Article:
As a pastor, I find that my congregation and I are continually fighting “the battle of the building.” On the one hand, we are deeply grateful to have a beautiful church facility in which we can worship, make disciples, share fellowship, and do ministry. But on the other hand, it takes a lot of time, energy and money to keep that facility in good order — especially as it ages. And as a result, I can’t help but wonder if we end up focusing a lot of attention on “the care of property” that might better be devoted to “the care of people” — both those within our church family and those beyond it.
Don’t get me wrong. It’s a gift to have a church building. And if we’ve been given that gift, then we should certainly be good stewards of it, so that it bears witness to God’s beauty and majesty rather than making a statement about our lack of care and attentiveness.
But at the same time, it seems appropriate to remember that church facilities — as beneficial as they are — are not the point. As the Bible reminds us: “”The God who made the world and everything in it is the Lord of heaven and earth and does not live in temples built by human hands.” (Acts 17:24) And in today’s Old Testament lesson — when King David announces plans to build the LORD a house — God reminds him:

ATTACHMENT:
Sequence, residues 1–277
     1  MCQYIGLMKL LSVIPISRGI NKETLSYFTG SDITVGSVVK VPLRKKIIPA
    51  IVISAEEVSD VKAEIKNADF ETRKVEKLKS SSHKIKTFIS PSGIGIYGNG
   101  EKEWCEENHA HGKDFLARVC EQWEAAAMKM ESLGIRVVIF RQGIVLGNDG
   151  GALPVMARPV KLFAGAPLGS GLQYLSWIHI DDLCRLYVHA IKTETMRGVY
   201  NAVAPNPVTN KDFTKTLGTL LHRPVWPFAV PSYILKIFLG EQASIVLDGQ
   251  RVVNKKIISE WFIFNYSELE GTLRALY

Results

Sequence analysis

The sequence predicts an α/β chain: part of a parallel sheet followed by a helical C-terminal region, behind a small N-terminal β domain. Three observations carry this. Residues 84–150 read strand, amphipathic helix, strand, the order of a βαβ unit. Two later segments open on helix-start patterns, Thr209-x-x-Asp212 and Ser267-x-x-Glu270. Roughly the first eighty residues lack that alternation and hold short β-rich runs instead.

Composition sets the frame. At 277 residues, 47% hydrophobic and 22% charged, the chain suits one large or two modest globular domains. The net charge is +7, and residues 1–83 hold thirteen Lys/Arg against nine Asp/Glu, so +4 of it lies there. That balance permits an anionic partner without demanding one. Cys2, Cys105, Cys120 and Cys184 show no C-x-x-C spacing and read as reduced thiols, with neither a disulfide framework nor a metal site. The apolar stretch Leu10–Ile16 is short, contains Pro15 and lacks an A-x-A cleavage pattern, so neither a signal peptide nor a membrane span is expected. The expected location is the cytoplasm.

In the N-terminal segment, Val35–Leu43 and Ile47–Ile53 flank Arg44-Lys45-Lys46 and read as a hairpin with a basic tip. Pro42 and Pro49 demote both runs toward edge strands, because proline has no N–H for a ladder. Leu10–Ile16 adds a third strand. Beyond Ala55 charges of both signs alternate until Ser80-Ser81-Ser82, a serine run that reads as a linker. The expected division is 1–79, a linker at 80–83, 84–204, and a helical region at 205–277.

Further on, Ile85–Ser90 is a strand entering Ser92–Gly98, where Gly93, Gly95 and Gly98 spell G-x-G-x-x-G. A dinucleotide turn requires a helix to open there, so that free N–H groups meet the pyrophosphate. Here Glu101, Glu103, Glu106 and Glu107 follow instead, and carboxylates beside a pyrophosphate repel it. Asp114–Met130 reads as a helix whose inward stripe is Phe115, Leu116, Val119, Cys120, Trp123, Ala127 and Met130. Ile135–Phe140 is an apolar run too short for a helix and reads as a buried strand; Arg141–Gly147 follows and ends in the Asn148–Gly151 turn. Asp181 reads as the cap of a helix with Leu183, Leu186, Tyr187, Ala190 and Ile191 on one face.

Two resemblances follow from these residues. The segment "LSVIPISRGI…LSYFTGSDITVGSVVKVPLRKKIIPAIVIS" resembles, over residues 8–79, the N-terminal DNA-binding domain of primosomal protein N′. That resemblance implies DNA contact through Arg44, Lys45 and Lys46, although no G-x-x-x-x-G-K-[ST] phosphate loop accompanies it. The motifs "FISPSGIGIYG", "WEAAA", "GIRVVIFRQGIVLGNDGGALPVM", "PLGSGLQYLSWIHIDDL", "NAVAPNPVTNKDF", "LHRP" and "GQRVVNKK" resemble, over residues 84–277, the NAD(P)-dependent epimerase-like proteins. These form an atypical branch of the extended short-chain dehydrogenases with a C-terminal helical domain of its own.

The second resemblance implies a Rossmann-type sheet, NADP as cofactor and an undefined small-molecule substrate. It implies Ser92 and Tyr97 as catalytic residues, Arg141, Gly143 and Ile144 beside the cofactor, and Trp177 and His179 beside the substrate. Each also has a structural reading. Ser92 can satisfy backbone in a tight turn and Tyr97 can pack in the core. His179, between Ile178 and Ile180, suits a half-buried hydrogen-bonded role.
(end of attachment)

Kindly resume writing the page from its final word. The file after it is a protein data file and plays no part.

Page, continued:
Are you the one to build me a house to dwell in? I have not dwelt in a house from the day I brought the Israelites up out of Egypt to this day. I have been moving from place to place with a tent as my dwelling. Wherever I have moved with all the Israelites, did I ever say to any of their rulers whom I commanded to shepherd my people Israel, “Why have you not built me a house of cedar?”
Now then, tell my servant David, “This is what the LORD Almighty says…The LORD declares to you that the LORD himself will establish a house for you (emphasis added). When your days are over and you rest with your ancestors, I will raise up your offspring to succeed you, your own flesh and blood, and I will establish his kingdom.”
2 Samuel 7:5-7; 11-12
Aren’t we so often tempted to take “good” things — church buildings, relationships, jobs, or something else — and make them “ultimate” things?
But rather than pretending that what we build can ever become an adequate source of security and pride, perhaps God calls us to pack up our tents and to “travel lightly” with Him, as we follow Jesus — not to a “house” — but to a “kingdom” — a “city with foundations, whose architect and builder is God.” (Hebrews 11:8-10)
May God build that kingdom in us and through us as we journey with Him this week.